And, there were inkjet printers as early as about 1988. I had a very slow Epson that made color images back then that were slow and poor. I got my second printer in 1997 and it was faster and better.
A dot matrix printer is probably not the same as an Epson of that era, but I had a Commodore computer (1987) with an A4 dot matrix printer. Wang Computer Co also had an inkjet printer around 1985 as I worked in a programming environment (insurance field representative bulk payment remitter program and provision of MultiMate wp services for field reps) from 1982 to 1989; two such "squirties" were tethered to a then-cutting edge Wang VS65 server in the room with a 50Mb disk requiring two people to load and unload it (!). Look how far we've come!!
Those printer are long gone, along with the early start-up VS-based systems.. I think about 40 minutes to print a single A4 text page. Squabbles and fists were common as patience was not yet invented...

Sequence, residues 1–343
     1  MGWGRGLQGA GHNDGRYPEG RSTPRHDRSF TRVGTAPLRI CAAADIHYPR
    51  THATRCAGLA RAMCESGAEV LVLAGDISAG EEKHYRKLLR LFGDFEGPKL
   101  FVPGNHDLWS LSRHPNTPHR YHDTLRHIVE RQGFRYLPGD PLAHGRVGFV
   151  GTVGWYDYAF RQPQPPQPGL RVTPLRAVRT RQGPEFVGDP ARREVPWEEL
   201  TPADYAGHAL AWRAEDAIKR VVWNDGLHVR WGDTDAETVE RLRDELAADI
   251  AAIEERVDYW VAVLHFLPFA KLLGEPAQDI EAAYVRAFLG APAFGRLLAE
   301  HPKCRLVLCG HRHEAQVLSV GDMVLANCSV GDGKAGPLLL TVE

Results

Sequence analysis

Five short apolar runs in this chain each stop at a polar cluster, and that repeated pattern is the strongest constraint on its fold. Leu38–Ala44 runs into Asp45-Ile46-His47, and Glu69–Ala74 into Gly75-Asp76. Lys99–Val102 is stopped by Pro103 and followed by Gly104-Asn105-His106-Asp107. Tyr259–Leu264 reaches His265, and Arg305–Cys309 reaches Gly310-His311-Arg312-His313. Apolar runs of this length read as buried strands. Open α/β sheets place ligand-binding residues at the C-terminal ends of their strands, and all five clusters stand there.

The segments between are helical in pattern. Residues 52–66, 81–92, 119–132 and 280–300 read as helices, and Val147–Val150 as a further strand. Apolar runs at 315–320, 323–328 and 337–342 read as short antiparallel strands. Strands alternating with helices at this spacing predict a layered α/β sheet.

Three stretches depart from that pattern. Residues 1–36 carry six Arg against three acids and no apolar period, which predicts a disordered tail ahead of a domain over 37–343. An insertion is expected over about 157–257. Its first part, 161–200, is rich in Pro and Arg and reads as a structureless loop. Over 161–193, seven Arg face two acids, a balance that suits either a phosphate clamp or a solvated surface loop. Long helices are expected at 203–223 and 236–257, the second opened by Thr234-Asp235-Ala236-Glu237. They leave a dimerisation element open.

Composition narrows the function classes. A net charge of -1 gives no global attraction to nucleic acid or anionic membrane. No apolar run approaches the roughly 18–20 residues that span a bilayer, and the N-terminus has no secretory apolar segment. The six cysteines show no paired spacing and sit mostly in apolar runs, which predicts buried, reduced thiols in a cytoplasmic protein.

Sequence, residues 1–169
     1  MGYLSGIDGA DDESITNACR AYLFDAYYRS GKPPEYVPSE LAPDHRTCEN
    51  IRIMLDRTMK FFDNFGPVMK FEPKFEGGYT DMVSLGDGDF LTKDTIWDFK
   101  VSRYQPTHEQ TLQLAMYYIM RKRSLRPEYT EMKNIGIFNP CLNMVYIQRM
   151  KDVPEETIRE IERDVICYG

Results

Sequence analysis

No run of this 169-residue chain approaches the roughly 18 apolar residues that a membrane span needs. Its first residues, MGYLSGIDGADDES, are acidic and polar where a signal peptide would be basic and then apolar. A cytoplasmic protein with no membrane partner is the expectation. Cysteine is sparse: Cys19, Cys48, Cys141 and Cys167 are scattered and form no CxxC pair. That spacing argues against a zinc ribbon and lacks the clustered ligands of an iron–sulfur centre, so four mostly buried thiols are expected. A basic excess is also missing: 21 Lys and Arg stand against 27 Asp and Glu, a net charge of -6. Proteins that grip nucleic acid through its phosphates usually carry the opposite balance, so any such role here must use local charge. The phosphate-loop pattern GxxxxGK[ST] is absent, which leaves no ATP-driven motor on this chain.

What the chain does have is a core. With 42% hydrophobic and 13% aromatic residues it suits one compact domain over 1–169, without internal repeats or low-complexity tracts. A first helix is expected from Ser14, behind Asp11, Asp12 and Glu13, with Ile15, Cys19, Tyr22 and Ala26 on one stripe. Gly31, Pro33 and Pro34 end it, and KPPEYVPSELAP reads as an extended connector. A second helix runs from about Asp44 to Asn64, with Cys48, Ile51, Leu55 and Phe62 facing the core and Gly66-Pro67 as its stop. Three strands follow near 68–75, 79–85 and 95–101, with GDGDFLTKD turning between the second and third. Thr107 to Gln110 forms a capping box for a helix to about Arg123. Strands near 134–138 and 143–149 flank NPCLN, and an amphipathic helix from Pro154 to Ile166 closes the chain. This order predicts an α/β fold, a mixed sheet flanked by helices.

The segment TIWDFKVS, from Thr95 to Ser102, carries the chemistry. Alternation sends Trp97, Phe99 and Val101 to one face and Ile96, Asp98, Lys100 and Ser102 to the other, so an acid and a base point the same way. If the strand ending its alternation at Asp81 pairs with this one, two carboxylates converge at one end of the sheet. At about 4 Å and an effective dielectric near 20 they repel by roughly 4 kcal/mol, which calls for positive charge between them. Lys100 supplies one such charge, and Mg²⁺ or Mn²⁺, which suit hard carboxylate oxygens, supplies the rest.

Last edited by Poisson Du Jour; 09-13-2012 at 02:26 AM. Click to view previous post history.
.::Gary Rowan Higgins
A comfort zone is a wonderful place. But nothing ever grows there.
When I was a young and callow youth..... 1992 to 1996 I was one of the two or three ILFORD people in the UK who started working on wide format inkjet projects. This was because our parent company at the time International Paper ( USA ) was very interested in the technology, back then we were the only ultra high quality coater amongst the IP companies, and they were very supportive, so we were using ( and actually selling ) IRIS printers made in the USA ( Mass. I think ) including the IRIS 3047 an AO printer a snip at $ 150,000 each, they were continuous technology inkjet printers and jaw droppingly good quality. The software was the challenge and they came from the pre-press world, they all ended up in the SCITEX stable, we certainly learned a lot before moving down the food chain to the 'affordable' end of the market ENCAD, HP etc. seems like a lifetime ago?